I think they know how to drink in Scandinavia.

[Laughs.] That’s true, but there was definitely an attraction to the Celtic world and the Arab world.

Do you think he would have been interested in any of the filmmakers around today?

Welles? There are certain filmmakers who are in the spirit of Welles, in the shadow of Welles. I think Paul Thomas Anderson for example but when you think of Welles’ own taste in cinema, John Ford for example, this sort of neoclassicism. I think personally if Welles had seen the films of Kira Muratova, who died a couple of weeks ago, I think he would have adored her work. I think in terms of things like foreground/background; the baroque; those big traveling shots that she did in Kiev in the Ukraine, I think he would have admired her. You can draw a line from Sergei Eisenstein through Orson Welles to Kira Muratova.

I’m not familiar with her work, I must admit.

Well, I mean this is the problem. She was one of the world’s greatest filmmakers and lots of people in the west hadn’t heard of her and I’ve been writing and tweeting about her for years and about two years ago I tweeted: “Now that people are finally talking about Agnès Varda properly, two decades late, I said, are we going to wait until Kira Muratova dies before we give her the major retrospectives or for the honorary Oscars, all of this sort of slightly rubbish stuff but it’s important.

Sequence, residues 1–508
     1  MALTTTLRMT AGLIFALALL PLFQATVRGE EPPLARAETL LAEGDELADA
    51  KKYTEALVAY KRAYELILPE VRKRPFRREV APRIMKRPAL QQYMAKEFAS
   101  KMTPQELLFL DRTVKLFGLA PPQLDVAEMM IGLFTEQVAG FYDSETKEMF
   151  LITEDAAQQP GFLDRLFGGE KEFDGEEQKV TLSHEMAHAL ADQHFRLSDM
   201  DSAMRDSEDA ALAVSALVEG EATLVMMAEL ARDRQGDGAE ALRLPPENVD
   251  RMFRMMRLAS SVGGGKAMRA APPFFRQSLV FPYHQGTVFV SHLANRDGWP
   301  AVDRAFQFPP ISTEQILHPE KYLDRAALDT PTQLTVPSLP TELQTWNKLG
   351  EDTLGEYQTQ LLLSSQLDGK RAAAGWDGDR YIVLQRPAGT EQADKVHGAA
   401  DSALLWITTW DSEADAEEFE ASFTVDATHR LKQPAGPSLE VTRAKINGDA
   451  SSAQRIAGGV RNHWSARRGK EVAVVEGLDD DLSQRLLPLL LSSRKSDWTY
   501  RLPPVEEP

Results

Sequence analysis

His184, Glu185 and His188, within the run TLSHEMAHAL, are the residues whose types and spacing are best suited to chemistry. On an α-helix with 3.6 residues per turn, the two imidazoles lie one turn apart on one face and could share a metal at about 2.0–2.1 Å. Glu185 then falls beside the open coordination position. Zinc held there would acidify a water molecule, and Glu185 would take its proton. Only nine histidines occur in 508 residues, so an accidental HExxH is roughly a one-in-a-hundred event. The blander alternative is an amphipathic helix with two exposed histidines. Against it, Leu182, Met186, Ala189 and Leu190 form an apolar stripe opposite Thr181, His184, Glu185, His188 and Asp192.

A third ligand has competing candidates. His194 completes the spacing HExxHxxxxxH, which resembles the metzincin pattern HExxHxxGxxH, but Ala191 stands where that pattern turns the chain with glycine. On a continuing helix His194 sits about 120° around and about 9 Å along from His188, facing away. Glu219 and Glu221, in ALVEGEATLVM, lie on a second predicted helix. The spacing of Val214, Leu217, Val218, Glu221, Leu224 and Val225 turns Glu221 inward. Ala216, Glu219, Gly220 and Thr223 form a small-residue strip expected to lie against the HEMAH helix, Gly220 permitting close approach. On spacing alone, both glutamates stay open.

Why do you think it is that Agnès Varda is talked about more these days?

I think it’s the honorary Oscar that’s done it. Loads of people behind the scenes lobbying–and I was one of the lobbyists, not that my voice counts very much–to give her the honorary Oscar. And that gave her visibility. You know people in the know knew that she was great from the late 1950s. She made the first great French New Wave film for example. But that kind of crossover thing I think really happened because of the honorary Oscar.

I re-watched The Story of Film recently and I spotted that you had put her debut film as the first in the French New Wave sequence.

Yeah, La Pointe Courte. It’s incredible. I should have had more of her in there, you know.

Is that something you’ve ever thought about adding to? What would make the cut?

Yeah, I toy with the idea. It’s coming up on ten years since I did that. Maybe yeah, I mean there’s things like Jonathan Glazer’s Under the Skin and you know those film made by those Harvard ethnographers, there was one called Leviathan?

Sensory Ethnography Lab. Yes, and Somniloquies.

Yes, and there’s one here that they made called Caniba. I saw it in Venice and we gave it a prize at the Venice festival. I think they are doing stuff that’s deeply original. When I saw that Leviathan film where they had GoPros attached to birds I thought, “Oh my God, Méliès would have loved this.” That’s what we were looking for in The Story of Film, these sorts of era-defining types of filmmaking. I think there’s been a lot of really good stuff.